despite the fact that, without doubt, when one travels one works even
harder. As I recall the trip to Chile, there is not doubt that the work
hours were long. And, in general, I do not like to shirk my commitments.
When I know that there is some factory where they are awaiting my visit,
some locality where my visit has been announced, I always opt in favor of
making the effort and visiting these places, rather than shirk the
commitment. It is from the moral viewpoint, at least it would be out of
character for me to keep people waiting. Therefore, in general, I don't
argue about the schedules too much. They offer me one and I say the program
is acceptable.

Replying to a question as to whether he would be back in our country for 26
July, Fidel said: "I should be back for 26 July, but it is not sure. We
have to foresee staying some more days in any of the nations, any new
change, a new commitment, it may be that [Castro leaves thought unfinished]
but it will be around 26 July that we expect to be back."

Another question asked by the newsmen referred to the repercussions that he
thinks the recent death of Kwame Nkrumah, former president of Ghana, would
have on the African liberation movement. On this matter, Fidel said: "Well,
Nkrumah's death was a very significant event. And it has taken place just
at this time in Guinea. Nkrumah is a symbol.. He fought against imperialism
and neocolonialism. He was a victim of the conspiracies of imperialism. But
let's not forget the saying that 'one day after we're dead, we're useful.'
Mella said that we served as a banner. And the ones who will die in the
long run will not be the revolutionary leaders but imperialism, imperialism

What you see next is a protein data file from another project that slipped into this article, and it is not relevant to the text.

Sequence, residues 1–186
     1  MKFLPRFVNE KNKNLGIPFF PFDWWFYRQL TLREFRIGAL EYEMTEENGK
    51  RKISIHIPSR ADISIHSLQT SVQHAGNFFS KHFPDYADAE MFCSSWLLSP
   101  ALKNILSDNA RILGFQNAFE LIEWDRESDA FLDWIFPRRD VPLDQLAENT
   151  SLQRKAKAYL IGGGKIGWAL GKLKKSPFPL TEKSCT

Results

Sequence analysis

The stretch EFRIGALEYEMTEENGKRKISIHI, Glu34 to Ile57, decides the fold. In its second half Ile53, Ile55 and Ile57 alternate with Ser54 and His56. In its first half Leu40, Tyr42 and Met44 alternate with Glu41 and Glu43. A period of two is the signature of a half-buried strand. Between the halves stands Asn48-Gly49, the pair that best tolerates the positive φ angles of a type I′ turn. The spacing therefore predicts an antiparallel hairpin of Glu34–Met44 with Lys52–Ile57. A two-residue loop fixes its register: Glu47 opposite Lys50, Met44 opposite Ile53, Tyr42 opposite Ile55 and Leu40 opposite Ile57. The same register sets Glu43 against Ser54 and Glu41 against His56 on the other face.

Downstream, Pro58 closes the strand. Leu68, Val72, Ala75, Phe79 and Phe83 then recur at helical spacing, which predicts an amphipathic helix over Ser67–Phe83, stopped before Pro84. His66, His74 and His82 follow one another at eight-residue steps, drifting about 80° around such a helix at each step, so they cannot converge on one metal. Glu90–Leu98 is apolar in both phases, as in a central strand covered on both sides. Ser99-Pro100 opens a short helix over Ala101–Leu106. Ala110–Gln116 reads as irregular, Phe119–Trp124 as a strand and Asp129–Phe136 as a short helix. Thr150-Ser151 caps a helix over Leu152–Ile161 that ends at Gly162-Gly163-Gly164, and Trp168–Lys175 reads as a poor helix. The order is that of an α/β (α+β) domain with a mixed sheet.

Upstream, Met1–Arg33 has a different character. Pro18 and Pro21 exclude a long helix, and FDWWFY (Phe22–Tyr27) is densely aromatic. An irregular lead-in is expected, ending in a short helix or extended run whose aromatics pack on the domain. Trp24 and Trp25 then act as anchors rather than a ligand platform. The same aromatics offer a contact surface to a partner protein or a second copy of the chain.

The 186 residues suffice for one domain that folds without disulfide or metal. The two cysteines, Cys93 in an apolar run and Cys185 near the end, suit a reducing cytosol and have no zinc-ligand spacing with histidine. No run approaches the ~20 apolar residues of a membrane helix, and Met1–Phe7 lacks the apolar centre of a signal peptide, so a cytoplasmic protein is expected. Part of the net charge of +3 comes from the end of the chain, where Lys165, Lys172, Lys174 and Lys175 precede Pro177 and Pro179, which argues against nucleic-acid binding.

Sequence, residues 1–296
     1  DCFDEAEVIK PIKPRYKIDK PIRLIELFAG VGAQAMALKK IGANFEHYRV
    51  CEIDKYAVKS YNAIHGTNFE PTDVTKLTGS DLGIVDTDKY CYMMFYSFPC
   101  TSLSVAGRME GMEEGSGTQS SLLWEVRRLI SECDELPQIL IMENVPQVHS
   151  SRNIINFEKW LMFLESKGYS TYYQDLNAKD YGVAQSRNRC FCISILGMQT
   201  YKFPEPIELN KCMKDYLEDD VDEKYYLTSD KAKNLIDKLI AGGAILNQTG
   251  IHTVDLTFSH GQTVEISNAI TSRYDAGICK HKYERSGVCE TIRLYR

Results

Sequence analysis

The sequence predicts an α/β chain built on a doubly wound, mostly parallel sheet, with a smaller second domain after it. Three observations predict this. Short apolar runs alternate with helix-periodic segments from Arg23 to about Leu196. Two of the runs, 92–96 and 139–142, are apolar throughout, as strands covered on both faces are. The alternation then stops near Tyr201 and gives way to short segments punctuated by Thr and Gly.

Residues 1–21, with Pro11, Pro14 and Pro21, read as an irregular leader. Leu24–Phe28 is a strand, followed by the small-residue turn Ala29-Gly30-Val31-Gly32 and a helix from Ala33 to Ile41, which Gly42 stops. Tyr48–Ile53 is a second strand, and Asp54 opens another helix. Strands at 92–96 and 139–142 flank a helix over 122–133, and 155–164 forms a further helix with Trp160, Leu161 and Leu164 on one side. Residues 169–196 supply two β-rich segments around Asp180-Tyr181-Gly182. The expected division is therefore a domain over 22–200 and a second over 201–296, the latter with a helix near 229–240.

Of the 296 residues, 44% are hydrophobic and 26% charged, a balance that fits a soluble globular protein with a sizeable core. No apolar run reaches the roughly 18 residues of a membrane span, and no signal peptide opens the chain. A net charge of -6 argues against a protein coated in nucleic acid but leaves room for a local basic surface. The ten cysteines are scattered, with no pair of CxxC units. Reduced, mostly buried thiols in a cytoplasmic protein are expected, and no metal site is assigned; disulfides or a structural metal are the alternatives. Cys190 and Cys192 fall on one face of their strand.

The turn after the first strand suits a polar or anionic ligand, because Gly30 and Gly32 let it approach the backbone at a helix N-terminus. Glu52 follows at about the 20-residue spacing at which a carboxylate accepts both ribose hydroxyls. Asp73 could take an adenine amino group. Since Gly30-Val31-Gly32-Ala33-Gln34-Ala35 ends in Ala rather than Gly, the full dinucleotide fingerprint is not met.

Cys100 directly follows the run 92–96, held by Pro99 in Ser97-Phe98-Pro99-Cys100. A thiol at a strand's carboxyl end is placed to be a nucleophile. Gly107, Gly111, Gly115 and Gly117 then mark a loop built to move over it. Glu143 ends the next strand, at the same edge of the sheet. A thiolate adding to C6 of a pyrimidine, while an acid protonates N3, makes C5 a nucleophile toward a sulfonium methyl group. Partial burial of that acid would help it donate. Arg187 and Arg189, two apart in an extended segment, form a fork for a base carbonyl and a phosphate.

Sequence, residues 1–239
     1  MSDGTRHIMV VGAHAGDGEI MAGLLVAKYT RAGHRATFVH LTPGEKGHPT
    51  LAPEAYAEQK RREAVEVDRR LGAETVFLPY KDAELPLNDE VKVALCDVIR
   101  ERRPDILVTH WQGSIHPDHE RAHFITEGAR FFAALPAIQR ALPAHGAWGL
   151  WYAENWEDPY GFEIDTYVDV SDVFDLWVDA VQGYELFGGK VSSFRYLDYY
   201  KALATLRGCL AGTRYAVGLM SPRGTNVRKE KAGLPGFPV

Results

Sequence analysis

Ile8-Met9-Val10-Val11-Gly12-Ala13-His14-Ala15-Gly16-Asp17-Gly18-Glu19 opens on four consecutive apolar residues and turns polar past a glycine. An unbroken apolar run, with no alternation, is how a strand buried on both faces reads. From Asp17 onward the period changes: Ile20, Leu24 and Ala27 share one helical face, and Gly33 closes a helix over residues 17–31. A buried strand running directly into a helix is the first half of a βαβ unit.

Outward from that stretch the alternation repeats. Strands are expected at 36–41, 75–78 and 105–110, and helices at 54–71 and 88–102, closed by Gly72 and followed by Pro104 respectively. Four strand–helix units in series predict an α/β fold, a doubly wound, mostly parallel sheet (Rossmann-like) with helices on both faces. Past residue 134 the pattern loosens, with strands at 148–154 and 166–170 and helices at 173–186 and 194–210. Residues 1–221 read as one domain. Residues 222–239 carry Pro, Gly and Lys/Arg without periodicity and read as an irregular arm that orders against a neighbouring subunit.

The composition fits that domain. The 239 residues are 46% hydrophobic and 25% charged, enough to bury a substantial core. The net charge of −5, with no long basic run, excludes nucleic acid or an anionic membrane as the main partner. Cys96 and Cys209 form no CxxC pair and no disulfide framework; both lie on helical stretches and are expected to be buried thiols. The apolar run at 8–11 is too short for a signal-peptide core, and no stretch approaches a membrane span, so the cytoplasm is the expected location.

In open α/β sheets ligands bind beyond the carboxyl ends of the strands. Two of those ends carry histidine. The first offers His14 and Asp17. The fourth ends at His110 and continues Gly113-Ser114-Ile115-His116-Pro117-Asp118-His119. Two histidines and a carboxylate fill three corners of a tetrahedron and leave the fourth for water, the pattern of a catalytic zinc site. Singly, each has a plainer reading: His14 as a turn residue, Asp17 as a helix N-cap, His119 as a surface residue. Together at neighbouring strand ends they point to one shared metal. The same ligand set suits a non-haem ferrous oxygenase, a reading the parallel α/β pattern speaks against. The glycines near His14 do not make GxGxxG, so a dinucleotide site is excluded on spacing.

and exploitation, and injustice in the world. Guinea is a buttress of the
revolution in Asia, and it has maintained itself as one. Despite the plots
and schemes of the powers, they have not been able to overthrow the Guinean

Later, Fidel stressed the solidity of the Cuban revolution. "I want to
reassert what I said yesterday. The revolution is going well, it is moving
forward, it is solid. This is why we can make this trip at this time
without any concern. It is proof of the solidity of the revolution. And
this [words indistinct]. It is proof of its endurance. Despite the fact
that there is not much work [as heard], there is always a risk. Even so, we
are quite unconcerned. [words indistinct] It is a solid thing. It is a rock
of granite that cannot be moved. It is in the people, in the leaders and in
all. My trip is part, let us say, of my work. It is an indispensable
contact, and advisable contact, a multicontact at this time, especially
with a view toward future perspectives in this decade, which is one of
progress consolidation and increasingly better perspectives for the
revolutionary movement and for our country and all the nations. At least I
have the conviction that the trip will be useful, very useful. I think,
too, that it is timely."

[F--Havana Domestic Service in Spanish at 0302 GMT on 3 May reports. "Our
commander in chief, who departed tonight, will visit parts of Guinea,
Algeria, Bulgaria, Romania, Hungary, Poland, the GDR, Czechoslovakia and
the USSR."]

Visit to Guinea

For the arrival of Prime Minister Fidel Castro Ruz in Conakry and further
material on his visit to Guinea see the West Africa section of the 3 May of
Middle East & Africa DAILY REPORT and subsequent issues.